Live updates, December 11: National loses confidence in Trevor Mallard; six new imported Covid-19 cases

Welcome to The Spinoff’s live updates for December 11. Reach me at stewart@thespinoff.co.nz

2.35pm: Disney announces possibly too many new films, TV series

Culture editor Sam Brooks breaks down the literal shit tonne of upcoming releases:

Today, Disney announced in their classic fashion – a massive Twitter thread – what they’ll be working on for the next few years. (This your reminder that Disney currently owns Marvel Studios, 20th Century Studios, FX Networks, Pixar, Lucasfilm and National Geographic.)

The company also announced Star, a Hulu replacement for international Disney Plus subscribers (that’s us!). This is a free tier that will be integrated into the app that will carry a number of shows from Disney’s other non-main franchise brands, see above. It will roll out on February 23rd. In short, it’ll mean that you get more shows per dollar on Disney+, including a few shows that have fallen through the cracks on our other steaming services.

Here’s the highlights, some of which have already been announced:

  • The Dropout, starring Kate McKinnon as Elizabeth Holmes, the baritone-voiced con artist that duped the world
  • Nine Perfect Strangers, starring Nicole Kidman and Melissa McCarthy, from David E. Kelley (The Undoing)
  • The fifth season of uplifting feminist comedy, The Handmaid’s Tale
  • Reservation Dogs, a new half-hour comedy series about four Native American teenagers, from co-creators Sterlin Harjo and Taika Waititi
  • A TV adaptation of Alien, from Fargo and Legion’s Noah Hawley
  • A retelling of James Clavell’s Shogun, from Justin Marks (the upcoming Top Gun remake)
  • Another four seasons of It’s Always Sunny in Philadelphia, which will take it through to 18 seasons and make it the longest-running live action sitcom in TV history. Friends who?
  • A new instalment of the Indiana Jones series, with Harrison Ford returning and James Mangold (Ford v. Ferrari, Logan)
  • The Mighty Ducks: Game Changers, a series that picks up where the films left off, starring Emilio Estevez as Gordon Bombay once more, and Lauren Graham
  • A remake of Turner & Hooch, starring Josh Peck and a dog
  • “Global content”, whatever the hell that is, from the Kardashian-Jenners
  • A sequel to Hocus Pocus, imaginatively titled Hocus Pocus 2, directed by Adam Shankman (Hairspray)
  • A remake of Three Men and a Baby starring Zac Efron (you know who Zac Efron is)
  • A ‘reimagining’ of Cheaper by the Dozen from Blackish producer Kenya Barris, starring Gabrielle Union (Mary Jane)
  • A new entry in the Ice Age franchise, called The Ice Age Adventures of Buck Wild, the weasel voiced by Simon Pegg
  • An animated entry in everybody’s favourite franchise: The Night at the Museum
  • A prequel to ‘live action’ (it’s not live action, they’re not real lions) The Lion King from Barry Jenkins (Moonlight).

And for all your Star Wars nerds, Disney has announced a truckload of new entries in that universe:

  • Rangers of the New Republic, a new series set within the timeline of the Mandalorian (post-Return of the Jedi, pre-Force Awakens, for those who don’t know)
  • Ahsoka, a Mandalorian spinoff starring Rosario Dawson as Ahsoka Tano, a spin-off with Jose Barbosa called for us a week ago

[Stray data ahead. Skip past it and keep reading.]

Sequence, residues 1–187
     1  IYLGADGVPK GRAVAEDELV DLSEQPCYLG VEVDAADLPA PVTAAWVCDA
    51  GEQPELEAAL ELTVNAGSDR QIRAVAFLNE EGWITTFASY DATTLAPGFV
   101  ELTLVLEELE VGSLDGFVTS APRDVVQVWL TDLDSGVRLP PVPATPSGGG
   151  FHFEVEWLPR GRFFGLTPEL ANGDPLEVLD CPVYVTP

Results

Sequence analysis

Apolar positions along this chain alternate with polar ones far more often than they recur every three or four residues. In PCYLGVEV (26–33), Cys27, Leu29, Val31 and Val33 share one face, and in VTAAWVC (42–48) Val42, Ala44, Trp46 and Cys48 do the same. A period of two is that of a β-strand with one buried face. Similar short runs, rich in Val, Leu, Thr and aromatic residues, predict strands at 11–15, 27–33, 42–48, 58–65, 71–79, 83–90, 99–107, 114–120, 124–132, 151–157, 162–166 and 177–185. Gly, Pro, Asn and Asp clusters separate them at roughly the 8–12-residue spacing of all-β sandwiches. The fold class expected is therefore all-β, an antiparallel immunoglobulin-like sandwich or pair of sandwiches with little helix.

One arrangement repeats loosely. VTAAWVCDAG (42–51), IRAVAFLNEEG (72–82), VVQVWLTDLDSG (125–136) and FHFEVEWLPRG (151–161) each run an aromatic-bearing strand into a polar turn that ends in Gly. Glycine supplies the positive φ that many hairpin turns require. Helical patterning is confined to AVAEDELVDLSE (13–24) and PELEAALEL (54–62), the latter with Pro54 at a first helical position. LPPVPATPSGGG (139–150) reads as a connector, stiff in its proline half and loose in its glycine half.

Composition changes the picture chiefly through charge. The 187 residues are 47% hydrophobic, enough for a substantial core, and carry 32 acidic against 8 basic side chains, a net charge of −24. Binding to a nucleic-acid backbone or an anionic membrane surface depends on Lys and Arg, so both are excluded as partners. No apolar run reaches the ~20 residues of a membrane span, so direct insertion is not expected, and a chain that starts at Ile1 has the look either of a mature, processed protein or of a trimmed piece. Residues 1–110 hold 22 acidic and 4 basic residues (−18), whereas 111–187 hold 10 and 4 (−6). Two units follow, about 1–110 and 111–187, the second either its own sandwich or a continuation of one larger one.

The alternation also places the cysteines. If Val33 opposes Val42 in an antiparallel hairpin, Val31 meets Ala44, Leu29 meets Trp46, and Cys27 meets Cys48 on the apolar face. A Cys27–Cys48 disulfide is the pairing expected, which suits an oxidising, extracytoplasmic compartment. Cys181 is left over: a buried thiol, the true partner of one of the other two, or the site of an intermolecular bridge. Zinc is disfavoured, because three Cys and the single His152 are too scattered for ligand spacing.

• Andor, a series focussing on Cassian Andor, who Diego Luna played in Rogue One
  • Obi-Wan Kenobi, starring Ewan McGregor, had already been announced, but it was just announced that Hayden Christensen, of the maligned prequels, will be reprising his role as Darth Vader
  • The Bad Batch, a spin-off of The Clone Wars animated series
  • Star Wars: Visions, a series of animated short films from the lens of the world’s best Japanese anime creators
  • Lando, a spin-off starring Lando Calrissian, being developed by Justin Simien (Dear White People)
  • The Acolyte, a mystery-thriller that will take viewers into a galaxy of ‘shadowy secrets’ and ‘emerging dark-side powers’ in the final days of the High Republic, from Leslye Headland (Russian Doll, Bachelorette)
  • A Droid Story, which will follow a new hero guided by gay couple R2-D2 and C-3PO
  • Rogue Squadron, a new Star Wars film from Patty Jenkins (Wonder Woman)
  • An already announced feature in development from Taika Waititi

And here’s your Marvel nerd needs covered:

  • WandaVision, a Disney+ series with Elizabeth Olsen and Paul Bettany reprising their roles as Scarlet Witch and Vision, drops on January 15
  • The Falcon and the Winter Soldier, starring Sebastian Stan and Anthony Mackie, drops on March 19 on the same service
  • Loki, ANOTHER original series, starring Tom Hiddleston as the Marvel trickster, drops sometime in May 2021
  • What If?, which tells the hypothetical, untold stories of the Marvel Cinematic Universe, comes sometime in Summer 2021 (that’s Winter here, folks)
  • Shang Chi and the Legend of the Ten Rings, the first MCU film with an Asian lead, is in theatres July 9th, 2021
  • Ms. Marvel, a distinct character from Captain Marvel, stars Man Villain as Kamala Khan, and comes late 2021 to Disney+
  • Captain Marvel 2 sees Brie Larson returning as Carol Danvers, and comes to theatres November 11, 2022
  • Hawkeye, starring Jeremy Renner as the titular Avenger as Hailee Steinfeld as a second Hawkeye, Kate Bishop, is coming to Disney+, with dates yet to be confirmed
  • She-Hulk, played by Tatiana Maslany, is coming to Disney+
  • Moon Knight, about… a complex lunar-based vigilante, also coming to Disney+
  • Samuel L. Jackson returns as Nick Fury in Secret Invasion, also, yup, Disney+
  • Dominique Thorne stars as Riri Williams in iron heart, a series about the creator of the most advanced suit of armour since Iron Man
  • Don Cheadle returns as War Machine in Armour Wars
  • The Guardians of the Galaxy Holiday Special, written and directed by James Gunn, will drop on Disney+ during the 2022 holiday season